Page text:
Johnny Fallon demonstrates the gyro, a workout machine developed for astronauts, at Club Northwest in Grants Pass. Photo by Julia Moore - Julia Moore

One-stop fitness shop

It's no exaggeration when Scott Draper says members can spend an entire day at his Club Northwest in Grants Pass.

Touted as a one-stop shop for health and fitness, Club Northwest makes good on the claim with every turn through its veritable mall of wellness options. It's all the product of Draper's 14-year effort to provide members with an "uncommonly good experience."

Uncommon it is. Exercise equipment and classes, as well as the gymnasium and swimming pool, loom large in the 60,000-square-foot facility.

But the club also boasts an art gallery, a book store, juice bar, coffee and "pro" gear shops, full-service spa and salon using all-natural beauty products, steam rooms, saunas, children's gym and activity area, three championship racquetball courts and outdoor courts for basketball, tennis and sand volleyball.

A retail space selling dietary supplements is slated to open in 2011. And there's still enough room on the five-acre Northwest Vine Street property, says Draper, to add what he envisions as a complementary medical center.

"We're much more rounded in how we see wellness," says Draper, explaining that the end result of fitness is "look at me" while wellness has "no end."

There's been no end to Draper's business trajectory since he purchased Parkway Athletic Club in 1991 in downtown Grants Pass. Within five years, Draper had signed more than 2,000 members and expanded to a second downtown location that featured a kids' gym.

"I wanted to stick with something," says Draper of Parkway Athletic. "It was everything I had, which wasn't much."

Eight partners joined Draper in 1996 and initially invested $500,000 to transform the former Duro-Last roofing materials plant near Interstate 5 into the new home of Club Northwest. It opened with just gym essentials in February 1997 and, over three years, added sports courts, the "KidZone" and aquatic center.

Membership peaked at 7,000 in 2006. Three years ago, The Spa at Club Northwest was constructed and the aquatic center remodeled to the tune of about $1 million, says Draper.

The spa's advent roughly coincided with Draper's foray into the world of franchises. Opening Healthy Inspirations weight-loss centers in Grants Pass and Medford in 2005 and 2006, Draper's company acquired the brand in 2008 and discontinued it in favor of a new model, dubbed The New Well. Headquartering the concept at Club Northwest, Draper opened four more New Well centers in short order and plans to construct others in Arizona, New Mexico, Tennessee, Texas and Hawaii.

"The New Well is based on a mega need and a mega trend," says Draper, citing the numbers of overweight and obese Americans.

Still Draper, 49, insists that Club Northwest — not easily adapted to a franchise model — doesn't exist for weight loss or even achieving a measure of fitness. His goal has always been to build self-esteem in both children and adults through physical activity.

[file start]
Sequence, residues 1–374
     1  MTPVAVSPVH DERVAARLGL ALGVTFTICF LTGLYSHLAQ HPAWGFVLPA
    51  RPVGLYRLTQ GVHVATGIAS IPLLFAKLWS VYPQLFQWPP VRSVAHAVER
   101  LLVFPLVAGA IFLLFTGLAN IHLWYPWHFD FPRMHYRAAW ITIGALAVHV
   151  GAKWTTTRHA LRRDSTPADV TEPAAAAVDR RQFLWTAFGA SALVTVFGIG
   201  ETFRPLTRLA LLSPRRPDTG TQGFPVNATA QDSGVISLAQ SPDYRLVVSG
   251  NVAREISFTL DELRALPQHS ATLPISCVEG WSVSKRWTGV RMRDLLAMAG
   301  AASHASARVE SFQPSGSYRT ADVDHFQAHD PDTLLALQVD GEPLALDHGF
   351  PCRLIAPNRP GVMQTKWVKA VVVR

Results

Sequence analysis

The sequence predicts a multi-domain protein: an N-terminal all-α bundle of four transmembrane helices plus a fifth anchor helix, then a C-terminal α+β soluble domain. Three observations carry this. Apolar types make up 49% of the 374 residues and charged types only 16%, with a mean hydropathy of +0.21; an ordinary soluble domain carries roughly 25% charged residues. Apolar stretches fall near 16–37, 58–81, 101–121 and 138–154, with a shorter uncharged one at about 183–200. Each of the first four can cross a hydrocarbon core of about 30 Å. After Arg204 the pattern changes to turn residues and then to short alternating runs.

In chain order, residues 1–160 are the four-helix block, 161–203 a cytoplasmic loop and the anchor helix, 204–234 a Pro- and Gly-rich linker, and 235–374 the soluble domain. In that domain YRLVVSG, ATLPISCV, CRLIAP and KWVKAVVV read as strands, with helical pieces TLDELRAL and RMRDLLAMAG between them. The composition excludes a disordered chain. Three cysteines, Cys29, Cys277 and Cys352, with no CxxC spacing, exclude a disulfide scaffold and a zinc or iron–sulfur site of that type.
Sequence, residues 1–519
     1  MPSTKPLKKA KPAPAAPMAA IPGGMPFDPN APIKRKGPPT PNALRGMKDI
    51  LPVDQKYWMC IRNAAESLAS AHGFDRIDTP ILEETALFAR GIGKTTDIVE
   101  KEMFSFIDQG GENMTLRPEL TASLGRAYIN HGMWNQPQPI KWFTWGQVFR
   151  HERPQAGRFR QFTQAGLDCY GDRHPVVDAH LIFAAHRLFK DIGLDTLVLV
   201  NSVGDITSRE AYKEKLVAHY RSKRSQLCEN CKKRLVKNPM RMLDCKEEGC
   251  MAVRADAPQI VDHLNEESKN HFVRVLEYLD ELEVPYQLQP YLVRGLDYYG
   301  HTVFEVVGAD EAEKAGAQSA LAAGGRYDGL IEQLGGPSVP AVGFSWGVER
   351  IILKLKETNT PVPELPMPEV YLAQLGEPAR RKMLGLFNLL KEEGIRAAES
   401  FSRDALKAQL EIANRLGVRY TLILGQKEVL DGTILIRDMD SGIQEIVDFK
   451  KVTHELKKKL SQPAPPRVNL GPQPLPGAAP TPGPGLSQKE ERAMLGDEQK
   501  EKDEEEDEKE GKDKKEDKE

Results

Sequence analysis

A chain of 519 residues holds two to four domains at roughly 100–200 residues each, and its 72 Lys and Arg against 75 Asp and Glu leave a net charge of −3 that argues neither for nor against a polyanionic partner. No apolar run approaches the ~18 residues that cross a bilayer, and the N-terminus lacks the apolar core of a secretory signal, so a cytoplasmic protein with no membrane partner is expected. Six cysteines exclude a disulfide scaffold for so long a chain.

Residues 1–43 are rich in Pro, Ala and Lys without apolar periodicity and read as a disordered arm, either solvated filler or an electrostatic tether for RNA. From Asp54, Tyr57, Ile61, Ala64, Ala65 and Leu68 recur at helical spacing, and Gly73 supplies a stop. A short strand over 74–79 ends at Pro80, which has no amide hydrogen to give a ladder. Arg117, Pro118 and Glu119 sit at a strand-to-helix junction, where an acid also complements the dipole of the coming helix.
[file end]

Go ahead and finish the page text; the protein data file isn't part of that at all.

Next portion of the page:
"The focus of the whole club is to take the intimidation out," says Draper.

"There's so much emotion attached to fitness," he adds. "So many weird things come up."

Never a "star athlete," Draper recalls bringing up the rear in a line of first-grade runners at Grants Pass' Highland Elementary School. Years later, he found his niche in tennis and played through high school, persisting in bad weather and for want of partners. He earned a tennis scholarship to Idaho State University and after school worked as a tennis pro in clubs around the country before moving back to Grants Pass and buying Parkway Athletic.

"I didn't know what I was doing, and that was a huge advantage to me," says Draper. "We created a market by providing fitness for real people."

Draper hesitates to take all the credit for Club Northwest's format but admits it's an amalgamation of all the best ideas he's encountered and could implement. One example, he says, is the GyroGym. The revolving system of interconnected circular bars was developed in the 1960s by NASA to train astronauts but is better known today for delivering the "best core workout," says Draper. When he saw it at a trade show, Draper decided it belonged at Club Northwest, the only fitness club he knows of that has one.

For members, the staff and Club Northwest's standards of operation are more unique.

"These employees go around talking to the members," says 65-year-old Toni Richardson, a member for two years. "I've never been to a gym where they do that."

A longtime fitness-club member, mainly in Eugene, Richardson says she was skeptical of options in Grants Pass and assumed she'd have to travel from her Applegate home to Medford for workouts. Club Northwest offered the mix of yoga classes, cardio equipment, weights and facilities for swimming and playing tennis that she was looking for.

Yoga also brought 62-year-old Wilderville resident Jim Whitsitt to Club Northwest. Although monthly dues are not inexpensive — between $57 and $65 per person — Club Northwest's senior discount kicks in for adults 60 and older. Most other fitness clubs set the age at 65, he says.

An additional perk, says Whitsitt, is the social ambiance at Club Northwest, which encourages conversation and relaxation in its juice bar and lounge area. Whitsitt says he'll spend an hour some days just chatting with other members.

"We all share ideas about food and exercise," he says. "The big thing is you get to meet people."

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